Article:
Basra burns as Iraqi politicians bicker over government formation
Residents of southern Iraq took to the streets again on Tuesday to vent anger at the government's inability to provide basic services, as politicians' squabbling over the formation of the next government delayed the process yet again.
MPs met on Monday for the first time since an inconclusive parliamentary election in May, but decided on Tuesday to adjourn the session until September 15, having failed to elect a new parliament speaker.
Naming a speaker and two deputies is the first major step towards establishing a new government.
The delay is likely to exacerbate an already frail and uncertain political process.
While politicians in Baghdad remain locked in protracted negotiations, civilians in the southern province of Basra suffer the effects of poor services, including polluted drinking water.
“Basra has sacrificed a lot of blood and innocent people’s lives so that corrupt politicians can stay in power,” Mohamed Al Tai, a former member of parliament for Basra, told The National. He said that Basra city was being led by the same political parties who were quarrelling to take control of the country.
After parliament met on Monday, its temporary leader said it would remain in session until Tuesday. But lawmakers failed to reach a quorum and agreed to return in 11 days.
"Members of parliament are preoccupied in trying to form a government rather than addressing the legitimate demands of the protesters," Sara Allawi, adviser to Vice President Ayad Allawi, told The National. “They are so busy contesting positions rather than addressing the protests.”
A coalition between Prime Minister Haider Al Abadi and the populist cleric Moqtada Al Sadr is vying for majority support in parliament, against a union between Hadi Al Ameri, commander of the Iran-backed Hashed Al Shaabi forces, and former prime minister Nouri Al Maliki.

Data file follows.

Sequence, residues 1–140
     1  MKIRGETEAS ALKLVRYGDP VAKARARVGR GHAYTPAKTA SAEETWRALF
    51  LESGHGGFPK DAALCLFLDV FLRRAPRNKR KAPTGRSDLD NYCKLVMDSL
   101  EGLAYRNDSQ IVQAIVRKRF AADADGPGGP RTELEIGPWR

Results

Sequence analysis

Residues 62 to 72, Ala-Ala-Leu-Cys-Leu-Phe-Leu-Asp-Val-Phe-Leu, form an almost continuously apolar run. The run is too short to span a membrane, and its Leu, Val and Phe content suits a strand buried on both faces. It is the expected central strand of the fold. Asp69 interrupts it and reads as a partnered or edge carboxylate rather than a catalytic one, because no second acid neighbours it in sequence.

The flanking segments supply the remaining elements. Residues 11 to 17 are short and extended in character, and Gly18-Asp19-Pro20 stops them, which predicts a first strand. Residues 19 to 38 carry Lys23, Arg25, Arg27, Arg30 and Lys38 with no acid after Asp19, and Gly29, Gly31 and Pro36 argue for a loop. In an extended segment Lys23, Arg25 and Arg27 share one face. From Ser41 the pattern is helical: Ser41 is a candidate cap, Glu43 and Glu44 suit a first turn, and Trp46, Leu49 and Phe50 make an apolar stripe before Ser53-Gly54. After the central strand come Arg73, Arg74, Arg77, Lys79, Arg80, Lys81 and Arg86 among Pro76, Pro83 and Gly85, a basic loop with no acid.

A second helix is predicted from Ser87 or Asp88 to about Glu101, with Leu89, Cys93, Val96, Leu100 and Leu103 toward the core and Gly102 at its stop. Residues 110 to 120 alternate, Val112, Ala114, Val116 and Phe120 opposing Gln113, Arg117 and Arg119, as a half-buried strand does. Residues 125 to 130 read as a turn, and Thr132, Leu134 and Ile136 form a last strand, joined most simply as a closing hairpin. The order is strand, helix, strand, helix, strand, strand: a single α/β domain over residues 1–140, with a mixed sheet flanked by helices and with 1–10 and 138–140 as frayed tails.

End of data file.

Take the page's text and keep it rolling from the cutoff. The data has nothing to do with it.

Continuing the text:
Both claim to have amassed the highest number of MPs.
Mr Al Sadr, whose political bloc won the most seats, portrays himself as a nationalist who rejects both American and Iranian influence, while Mr Al Abadi is seen as America's preferred candidate. Mr Al Ameri and Mr Al Maliki are Iran's two most prominent allies.
The power struggle highlights the considerable divisions within Iraq's Shiite majority and between competing external influences - the US and Iran.
Meanwhile, demonstrations in the country's neglected south show now sign of abating.
Protests have swept cities as residents demonstrate against electricity outages during the hot summer, a lack of jobs, proper government services and entrenched graft.
Basra’s health authorities condemned on Tuesday the escalation of violence in the province after hundreds of people mourned the death of a protester in clashes with security forces.
Police used tear gas to disperse protesters after hundreds of people gathered near Basra city's provincial government building on Monday night.
“We are urging against the use of violence,” Alaa Hashim, Basra’s Health Ministry spokesman, told The National. He said patients with gunshot wounds had been admitted to hospitals.
"The protester Yasser Makki died in hospital and tens more people were wounded in demonstration," Mr Hashim said.
The local head of Iraq's Human Rights Commission, Mahdi Al Tamimi, called for an investigation into Makki's death.
"We call on the Iraqi judiciary to open an immediate and urgent investigation into the killing of a demonstrator who was shot in the shoulder and subjected to electric shocks by security forces," Mr Al Tamimi said.
On Tuesday, mourners carried Makki's body to the site where he was wounded, chanting "Yasser's blood will not be lost".
"What happened to Yasser is a comparison of what Saddam Hussein did to the citizens of Basra in 1991 after the uprising occurred against the dictator," Mr Al Tamimi said.
On Sunday, protesters threatened to break into the Nahr Bin Omar oilfield if the government did not respond to their demands to improve basic services and address their complaints over Basra's drinking water, which residents say is undrinkable because of high salt levels.
"We will not allow the oilfield to operate unless we get clean water. No services, no jobs and now no clean water. We are fed up," said Hassan Ali, a protest organiser.
Officials at the oilfield, operated by state-run Basra Oil Company, said production was running normally. Nahr Bin Omar produces about 44,000 barrels per day, they said.
Basra health officials said more than 17,000 people had been treated for illnesses caused by polluted drinking water in recent weeks.